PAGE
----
Far from home amidst COVID-19
Students, host families discuss challenges of studying abroad during pandemic
by Julia Toomey
Many Holt High School students are living thousands of miles from home.
Holt’s exchange program allows students from around the world to study abroad for their junior or senior year.
While the Covid-19 pandemic has affected 180 countries, bringing a diverse series of restrictions and regulations with it, exchange students at Holt and elsewhere not only experience culture shock and language barriers, but now have to adapt to regulations in the United States. Since the surge in Covid-19 cases in 2020, lots of hesitancy has surrounded involvement in studying abroad.
Spanish teacher Karen Holman-Cervera said she hoped that exchange student participation bounces back amidst the pandemic.
“Hopefully, you know, people will not let things like this, these challenges scare them into not pursuing something they're really passionate about, and they really want to do,” Holman-Cereva said.
During the 2020 school year, when travel bans were first put in place, many exchange students were sent back to their home countries before the end of their programs. According to a Washington Post report, enrollment rates for foreign exchange students has since decreased by 11 percent since the outbreak.
Each country has responded to the pandemic in different ways, with differences in how they distribute the vaccine and mask mandates. Cervera explained that these changes are still an important aspect of the exchange year.
“It's just kind of how each country you know deals with all of these trying circumstances is an invaluable experience,” Cervera said.
Mask mandates that have come with these changes around the world, as well as the policy at Holt Public Schools, have posed challenges in learning English. Exchange students are typically fairly confident with speaking a second language, but spend the majority of their first few months learning to translate quickly in their head.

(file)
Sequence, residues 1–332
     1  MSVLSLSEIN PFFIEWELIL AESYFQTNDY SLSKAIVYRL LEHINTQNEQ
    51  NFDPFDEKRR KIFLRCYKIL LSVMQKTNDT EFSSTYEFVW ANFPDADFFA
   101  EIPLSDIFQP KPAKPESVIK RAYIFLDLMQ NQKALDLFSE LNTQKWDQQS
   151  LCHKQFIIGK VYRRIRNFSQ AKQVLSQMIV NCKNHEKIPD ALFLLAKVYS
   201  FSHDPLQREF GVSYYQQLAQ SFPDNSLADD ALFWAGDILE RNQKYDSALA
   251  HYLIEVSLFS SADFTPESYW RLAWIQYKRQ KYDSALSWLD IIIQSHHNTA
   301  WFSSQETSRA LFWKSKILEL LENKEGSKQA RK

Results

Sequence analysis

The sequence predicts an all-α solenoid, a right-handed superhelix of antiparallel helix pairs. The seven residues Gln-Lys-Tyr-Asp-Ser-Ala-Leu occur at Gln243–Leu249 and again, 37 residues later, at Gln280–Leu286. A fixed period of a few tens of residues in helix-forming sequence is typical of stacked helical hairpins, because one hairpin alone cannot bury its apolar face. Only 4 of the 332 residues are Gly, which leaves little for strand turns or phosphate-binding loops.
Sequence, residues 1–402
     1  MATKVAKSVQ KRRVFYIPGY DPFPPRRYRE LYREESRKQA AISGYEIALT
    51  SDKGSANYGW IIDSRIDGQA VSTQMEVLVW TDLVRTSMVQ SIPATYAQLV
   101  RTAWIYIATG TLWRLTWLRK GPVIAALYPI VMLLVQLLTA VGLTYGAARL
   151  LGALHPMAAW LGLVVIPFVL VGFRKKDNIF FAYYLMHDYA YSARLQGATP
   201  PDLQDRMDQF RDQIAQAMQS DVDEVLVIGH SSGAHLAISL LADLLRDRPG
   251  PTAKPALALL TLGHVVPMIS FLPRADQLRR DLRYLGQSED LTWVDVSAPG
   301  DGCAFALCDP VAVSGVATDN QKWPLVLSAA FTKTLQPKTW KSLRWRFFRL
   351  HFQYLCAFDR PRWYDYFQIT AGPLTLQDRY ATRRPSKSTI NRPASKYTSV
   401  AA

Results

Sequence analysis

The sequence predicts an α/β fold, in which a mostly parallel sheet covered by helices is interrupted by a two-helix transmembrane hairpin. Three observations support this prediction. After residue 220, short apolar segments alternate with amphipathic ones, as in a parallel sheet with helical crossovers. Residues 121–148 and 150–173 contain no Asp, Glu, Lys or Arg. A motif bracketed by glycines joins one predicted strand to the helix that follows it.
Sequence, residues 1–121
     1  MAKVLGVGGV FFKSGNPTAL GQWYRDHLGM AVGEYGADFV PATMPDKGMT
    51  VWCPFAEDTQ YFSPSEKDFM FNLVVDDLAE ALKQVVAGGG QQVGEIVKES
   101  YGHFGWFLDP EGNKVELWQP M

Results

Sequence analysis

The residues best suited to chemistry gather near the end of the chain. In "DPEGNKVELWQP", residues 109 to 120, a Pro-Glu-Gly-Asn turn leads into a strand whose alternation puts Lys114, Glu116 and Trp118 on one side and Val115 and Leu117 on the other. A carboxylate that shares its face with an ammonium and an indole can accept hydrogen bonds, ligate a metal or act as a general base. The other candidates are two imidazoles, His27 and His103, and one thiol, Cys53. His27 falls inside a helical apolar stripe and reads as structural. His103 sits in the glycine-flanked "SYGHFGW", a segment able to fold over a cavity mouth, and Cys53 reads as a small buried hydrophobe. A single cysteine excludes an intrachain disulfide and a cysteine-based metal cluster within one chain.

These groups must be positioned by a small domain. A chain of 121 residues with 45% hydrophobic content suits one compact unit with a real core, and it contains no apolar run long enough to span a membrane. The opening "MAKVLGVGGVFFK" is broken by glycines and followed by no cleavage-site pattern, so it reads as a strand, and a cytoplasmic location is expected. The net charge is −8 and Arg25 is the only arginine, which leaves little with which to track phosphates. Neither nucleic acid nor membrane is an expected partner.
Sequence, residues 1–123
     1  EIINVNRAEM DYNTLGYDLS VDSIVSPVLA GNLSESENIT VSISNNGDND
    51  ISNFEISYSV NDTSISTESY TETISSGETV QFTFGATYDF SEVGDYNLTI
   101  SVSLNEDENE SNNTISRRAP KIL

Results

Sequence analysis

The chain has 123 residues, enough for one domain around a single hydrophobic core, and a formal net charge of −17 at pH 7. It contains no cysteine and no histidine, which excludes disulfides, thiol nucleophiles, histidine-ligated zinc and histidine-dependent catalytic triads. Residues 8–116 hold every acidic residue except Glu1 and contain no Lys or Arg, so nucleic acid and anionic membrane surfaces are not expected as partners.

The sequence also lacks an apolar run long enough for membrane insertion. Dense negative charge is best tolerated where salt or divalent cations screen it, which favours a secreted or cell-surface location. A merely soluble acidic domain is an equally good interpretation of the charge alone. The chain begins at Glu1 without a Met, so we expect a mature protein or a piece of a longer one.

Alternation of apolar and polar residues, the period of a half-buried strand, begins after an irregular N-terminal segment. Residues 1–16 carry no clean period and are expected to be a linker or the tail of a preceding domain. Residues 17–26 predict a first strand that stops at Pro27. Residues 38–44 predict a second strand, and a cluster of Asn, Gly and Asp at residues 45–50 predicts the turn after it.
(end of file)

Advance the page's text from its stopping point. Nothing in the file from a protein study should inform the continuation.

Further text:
Cervera, with 20 years of experience teaching Spanish, understands the difficulty of being bilingual and wearing a mask.
“There's so much that goes into you know, learning the language and part of it is is you know, looking at people's lips and so, for two reasons, just for understanding and for later using it as a pronunciation guide, you see what people do with their mouths when they're saying certain things,” Cervera said
Senior Diellza Daci, an exchange student from Montenegro, said the lack of enunciation with masks proves to be a challenge.
“It's kind of harder to understand what someone's saying,” Daci said.
Daci has been in the U.S. since August, and explained that in Montenegro, the Covid-19 rates are worse than they are here, with her home country rolling out vaccines less efficiently than in the U.S.
Additionally, as of Oct. 15, the Center for Disease Control and Prevention has issued a Level 4 Travel Health Notice for Montenegro that restricts travel to Montenegro due to Covid-19.
Based on this restriction, Daci said her parents are glad she’s in the U.S.
“So yeah, they think I'm safer here than I was,” Daci said.
However, they were also afraid of her being in a different country during a time of uncertainty.
“I was concerned the situation would get worse, and I didn’t know how that would affect me in the US,” Daci said.
On one hand, Daci’s family felt that Montenegro was not handling the pandemic well, but they also knew the status of the US could change at any time. They were aware that there would be risk regardless of where Daci was saying as long as the virus continues to spread. With this in mind, Daci made the choice to pursue her foreign exchange year.
Daci’s host parents in the US, Amy Smitter and Chris Lemmon, have been hosting exchange students since 2012. Smitter and Lemmon strive to expose their exchange students to the culture and experiences unique to the United States, but Covid has restricted some of those things.
“One of the first things we would have done, or have done traditionally with the kids is, like, take them to a Mexican restaurant or something like that, that they've never had before... But we didn't sort of have the chance to do that,” Smitter says.
For 2021 so far, host families in Michigan haven't had major setbacks, like being in mandatory lockdowns or quarantine. However, small restrictions like getting takeout instead of dining in have still affected the exchange students’ experiences.
Daci says she does not regret her choice to study abroad even during the coronavirus pandemic.
“I'm having a lot of opportunities, but it’s just kind of like a little part of everything is kind of restricted - restricted because of COVID,” Daci said. “But I'm still having the opportunity to live through those things. So it's not that bad. Yeah, it could have been worse.”
Host parents Amy Smitter (far left) and Chris Lemmon (far right) pick up Holt Senior Diellza Daci (middle) from Capital city airport on August 18th 2021.